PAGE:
Young Voters & the EU Referendum: What’s not working?

With less than two months until polling day it’s becoming increasingly clear that that the pro-EU, but politically disengaged, under-35 voters have the opportunity to play a key role in the upcoming referendum. Only half are currently planning on voting, 1 in stark contrast to the predominantly older Brexiters. Youngsters not participating in politics is no breaking news, but normally it’s a reflection of their lack of engagement with the issue. What’s paradoxical about now is that they do have an opinion, but are still preparing to sit back and let others decide their future – so what’s going on?

I guess I’m IN, but I don’t really understand it.”

Given the current abundance of EU-related information in the media, this may sound like an excuse. It is not. Many people have thanked us for offering to send them a curated list of pro-EU facts and arguments specifically relevant for young voters; they are genuinely relieved that someone will do the fact-sieving for them. The heated public debate (whilst clearly necessary) has confused them to the point of paralysis. Not a day goes by when a new dimension isn’t spectacularly revealed, and you could be forgiven for thinking that to even have an opinion on the EU – let alone exercise it through voting – you need to have a degree in it.

The result is that many young people feel their pro-EU sentiments aren’t justified, and therefore not concrete enough to act on. And faced on a daily basis with reminders of their infinite knowledge gaps (Schengen? Agricultural subsidies? Dangerous criminals?) they start to question their affiliation. No such malaise haunts the Brexiters, who have had years to build up their resentment towards the EU, along with a ‘fact/fib bank’ to back it up.

“There’s no way we’d actually leave the EU.”

It’s absolutely shocking how many educated, news-following young people genuinely believe this. Of course they know there’s a debate going on, but the idea of waking up on June 24th to discover we’ve left Europe seems, frankly, fantastical. And if we know the outcome anyway, why bother getting involved? A group of creative media types we met in Soho put it best: ‘We don’t know anyone who’s pro-Brexit. Guess we’re all inside the liberal London bubble.’ Social and cultural bubbles form everywhere, but it’s ironic that while normally the internationally-minded-urban-young-professionals bubble would be an asset to the EU camp, in this particular case it actually drives a dangerous type of complacency.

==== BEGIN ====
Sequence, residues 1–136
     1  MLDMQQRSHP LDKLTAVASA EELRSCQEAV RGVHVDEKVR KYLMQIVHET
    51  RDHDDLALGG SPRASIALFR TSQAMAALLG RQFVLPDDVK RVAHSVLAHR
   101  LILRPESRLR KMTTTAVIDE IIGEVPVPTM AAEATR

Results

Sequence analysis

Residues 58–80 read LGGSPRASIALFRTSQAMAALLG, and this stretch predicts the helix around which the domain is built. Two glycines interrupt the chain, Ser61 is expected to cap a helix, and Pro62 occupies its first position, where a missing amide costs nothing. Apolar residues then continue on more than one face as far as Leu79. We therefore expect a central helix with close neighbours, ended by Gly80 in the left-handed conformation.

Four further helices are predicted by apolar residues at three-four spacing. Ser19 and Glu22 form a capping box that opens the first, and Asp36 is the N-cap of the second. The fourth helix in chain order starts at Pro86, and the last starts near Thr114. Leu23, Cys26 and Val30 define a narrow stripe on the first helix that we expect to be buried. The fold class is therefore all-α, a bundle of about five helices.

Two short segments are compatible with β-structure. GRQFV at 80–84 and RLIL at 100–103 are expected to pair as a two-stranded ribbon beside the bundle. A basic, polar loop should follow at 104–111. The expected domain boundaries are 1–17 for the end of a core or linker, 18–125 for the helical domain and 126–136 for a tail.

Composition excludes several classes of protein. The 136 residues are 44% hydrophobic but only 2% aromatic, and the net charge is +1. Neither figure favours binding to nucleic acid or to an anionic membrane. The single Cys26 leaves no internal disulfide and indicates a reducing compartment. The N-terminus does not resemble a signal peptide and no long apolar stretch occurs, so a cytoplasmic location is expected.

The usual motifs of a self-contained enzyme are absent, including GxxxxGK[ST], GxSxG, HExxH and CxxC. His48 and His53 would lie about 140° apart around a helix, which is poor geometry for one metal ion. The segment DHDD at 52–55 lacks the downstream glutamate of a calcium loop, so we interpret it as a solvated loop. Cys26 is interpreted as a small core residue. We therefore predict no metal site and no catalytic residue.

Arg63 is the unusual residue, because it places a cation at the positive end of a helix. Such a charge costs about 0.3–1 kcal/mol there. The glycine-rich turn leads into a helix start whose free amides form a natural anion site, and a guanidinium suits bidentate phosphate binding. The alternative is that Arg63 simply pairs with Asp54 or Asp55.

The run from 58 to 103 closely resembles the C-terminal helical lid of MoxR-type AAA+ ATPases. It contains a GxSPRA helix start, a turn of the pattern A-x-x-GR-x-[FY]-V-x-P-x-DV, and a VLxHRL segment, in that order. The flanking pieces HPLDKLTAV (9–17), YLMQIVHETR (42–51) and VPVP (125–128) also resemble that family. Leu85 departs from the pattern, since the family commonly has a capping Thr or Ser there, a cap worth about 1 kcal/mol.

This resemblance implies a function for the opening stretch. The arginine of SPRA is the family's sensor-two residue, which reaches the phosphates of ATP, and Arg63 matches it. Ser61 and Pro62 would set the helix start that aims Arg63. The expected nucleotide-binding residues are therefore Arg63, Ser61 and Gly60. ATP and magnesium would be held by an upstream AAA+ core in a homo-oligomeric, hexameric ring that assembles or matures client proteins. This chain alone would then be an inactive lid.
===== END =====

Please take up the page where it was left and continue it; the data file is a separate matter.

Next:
I don’t feel that my vote will make a difference.”

In a simple In/Out referendum – when the votes of young people are highly likely to make a difference – this is a very significant challenge. Yet the sad reality is that the combination of first-past-the-post and two-party politics has driven widespread disengagement amongst young voters.

Which brings us to the crux of the issue – the difference between political participation vs. holding political views. We know that young people have the latter, since all polls show that they are largely pro-EU. The reason they’re not enthused about getting involved in this referendum is the same as why they never vote – none of the leading campaigns are actually representing them, talking in their language or championing the values they really care about. This has been identified before2 and we can see it come through once again in the words of Sam Kriss of Vice Magazine (that trendy voice of youthful wisdom): ‘It’s not that I’m being torn between two sets of equally persuasive arguments; instead, I’ve found myself cowering terrified in the dead centre… On one side, the malign alliance of Nigel Farage and George Galloway, their slimy faces visibly dripping in the torchlight. On the other, David Cameron, flanked by a stern phalanx of veiny-necked City boys, who always know what’s best.’ As a campaign group, Britain Stronger In Europe has a lot of strengths, but appealing to young people isn’t one of them.

So, what’s the solution? Firstly, there is a strong need for clear and easily digestible information. The government’s pro-EU leaflet should help with this, but given that many young people don’t look through their mail until they can no longer avoid tripping over it in the corridor, it would be highly beneficial to circulate that content through other channels as well. Secondly, the fact that young people are going to play a key role needs to be really drilled home for them. Not only is Brexit a very real possibility, but the power to stop it is in their hands! That would be a powerful and empowering message, as long as young people feel it is genuinely directed at them.

Inese Smidre is a member of Remain Great, Remain IN, a grassroots campaign set up to mobilise under-30 voters to participate in the EU referendum.

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